This group’s mission is to “support(s) effective initiatives that demonstrate that violence against women and girls can be systematically addressed, reduced and, with persistence, eliminated….(It) has awarded USD 103 million to 393 initiatives in 136 countries and territories. The UN Trust Fund currently supports 95 programmes in 75 countries and territories with a value of USD 56 million.”

Of course I’m going to support this initiative!  I am fortunate enough to have been brought up in a loving environment and continue to live and work in safety.  But I also realize that there are many, many women — abroad and in our very own country — who live in harm’s way.  Imagine being under constant fear of sexual exploitation or being at high risk for HIV contraction because you live on the street in Eastern Europe?  Imagine living in Campbodia where a common form of punishment is acid being poured on your face, or if you were denied access to services after being sexually abused in South Sudan?  And the list of violent acts towards girls and women around the world goes on.

“What does this have to do with beauty?” you may be asking.  Certainly the subject seems so trivial in comparison to these UN’s initiatives.  Ah, but there is a connection.

The symbol of the commemoration was the color orange.  More than that, the event’s attendees were asked to wear something in the color.  Some people wore orange dresses or other pieces of clothing, like ties.  And if you didn’t have an orange garment, everyone was given a gift of a lovely orange scarf to wear.  I, too, received and wore one.  I’m sure most people didn’t think twice about donning it or why the very act of WEARING orange — not just having orange decorations and merchandise — is significant.  But it is.

What we choose to put on our bodies is important.  We don’t just wear clothing to shield our ourselves from the elements or to comply with social norms.  We wear what we do to tell a story — a story about ourselves, about our beliefs and about our hopes.  In fact, what we wear is often our first form of communication.  We are visual people.  Seeing is one of our first senses and certainly one of our most complex.  We compute information when we see it far faster than when we decode it via language. By my wearing the orange scarf and then posting the image to my social media networks (vs just tweeting a few words of encouragement), I undoubtedly caught people’s attention.  And by doing so, I both showed support for the cause, and, hopefully, prompted others to learn about the UN’s amazing projects.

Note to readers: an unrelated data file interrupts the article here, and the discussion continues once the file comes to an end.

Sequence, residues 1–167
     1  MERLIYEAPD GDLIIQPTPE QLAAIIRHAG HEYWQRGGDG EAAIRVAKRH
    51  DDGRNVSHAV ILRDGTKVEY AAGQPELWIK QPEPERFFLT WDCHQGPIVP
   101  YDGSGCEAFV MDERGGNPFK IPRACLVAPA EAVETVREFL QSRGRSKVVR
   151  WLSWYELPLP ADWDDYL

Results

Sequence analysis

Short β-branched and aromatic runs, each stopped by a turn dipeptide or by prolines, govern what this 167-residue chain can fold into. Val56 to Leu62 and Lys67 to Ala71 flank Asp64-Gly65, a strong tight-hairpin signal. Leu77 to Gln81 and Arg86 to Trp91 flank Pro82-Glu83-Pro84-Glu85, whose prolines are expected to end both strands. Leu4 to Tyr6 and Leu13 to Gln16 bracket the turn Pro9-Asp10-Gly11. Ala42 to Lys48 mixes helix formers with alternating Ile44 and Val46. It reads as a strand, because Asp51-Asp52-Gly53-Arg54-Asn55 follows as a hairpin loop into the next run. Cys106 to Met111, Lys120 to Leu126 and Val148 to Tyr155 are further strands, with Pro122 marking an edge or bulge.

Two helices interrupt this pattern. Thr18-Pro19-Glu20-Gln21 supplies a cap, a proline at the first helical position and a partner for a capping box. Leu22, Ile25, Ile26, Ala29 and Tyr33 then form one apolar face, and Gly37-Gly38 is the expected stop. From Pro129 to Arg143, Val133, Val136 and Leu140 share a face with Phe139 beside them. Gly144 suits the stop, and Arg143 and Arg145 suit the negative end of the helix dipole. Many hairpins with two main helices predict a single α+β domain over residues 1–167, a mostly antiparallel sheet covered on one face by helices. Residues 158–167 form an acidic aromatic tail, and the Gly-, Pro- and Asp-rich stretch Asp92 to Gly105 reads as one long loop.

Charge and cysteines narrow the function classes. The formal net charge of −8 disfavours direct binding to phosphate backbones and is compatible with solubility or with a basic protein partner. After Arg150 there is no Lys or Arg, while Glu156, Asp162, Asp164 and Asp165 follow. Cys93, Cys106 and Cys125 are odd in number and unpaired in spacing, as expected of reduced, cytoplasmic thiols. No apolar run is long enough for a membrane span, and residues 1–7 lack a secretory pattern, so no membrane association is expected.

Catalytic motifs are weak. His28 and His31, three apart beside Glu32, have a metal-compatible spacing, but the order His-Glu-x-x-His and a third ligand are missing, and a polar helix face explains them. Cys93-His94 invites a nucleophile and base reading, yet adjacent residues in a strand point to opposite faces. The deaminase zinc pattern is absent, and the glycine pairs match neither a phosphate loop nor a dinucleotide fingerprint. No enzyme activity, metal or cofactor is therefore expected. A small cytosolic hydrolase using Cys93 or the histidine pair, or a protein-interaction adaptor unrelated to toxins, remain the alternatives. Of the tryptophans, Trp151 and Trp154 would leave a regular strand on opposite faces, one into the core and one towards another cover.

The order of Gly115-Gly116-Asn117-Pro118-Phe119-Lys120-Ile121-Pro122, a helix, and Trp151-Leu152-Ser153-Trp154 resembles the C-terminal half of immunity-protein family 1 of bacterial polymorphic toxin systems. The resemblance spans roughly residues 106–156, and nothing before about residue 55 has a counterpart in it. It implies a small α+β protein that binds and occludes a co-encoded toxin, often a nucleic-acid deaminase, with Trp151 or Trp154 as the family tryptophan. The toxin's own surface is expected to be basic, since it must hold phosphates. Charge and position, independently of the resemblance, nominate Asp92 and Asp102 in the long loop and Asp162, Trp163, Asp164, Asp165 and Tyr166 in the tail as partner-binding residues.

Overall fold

But clothing doesn’t JUST communicate to others.  It reminds us of who we are and what we stand for.  It forces us to pay attention to our bodies and our personalities. When we ask, “does it fit?” when we put something on, we are asking, “Does it fit our physical selves?”   That question may urge us to get in better shape or remind us that we are fine as we are.  Or we may be asking does it fit our inner selves, i.e., is it too corporate, too immodest, too casual…you get the point.  It may force even more profound questions upon ourselves, like, who are we?  What do I want to be known for?  And, for many of us privileged Americans, how privileged am I to wear what I want without fear of attack.

We can choose to view clothing as something frivolous.  Or we can see it as a way to reconnect with ourselves, with others and our united hope for a better future.

I will definitely hold on to that orange scarf and wear it with pride.   It is a reminder of what we have done to help women around the world and how much further we have to go. And, in this time of thanksgiving, it’s a reminder of how grateful I am to live as a woman in freedom and safety.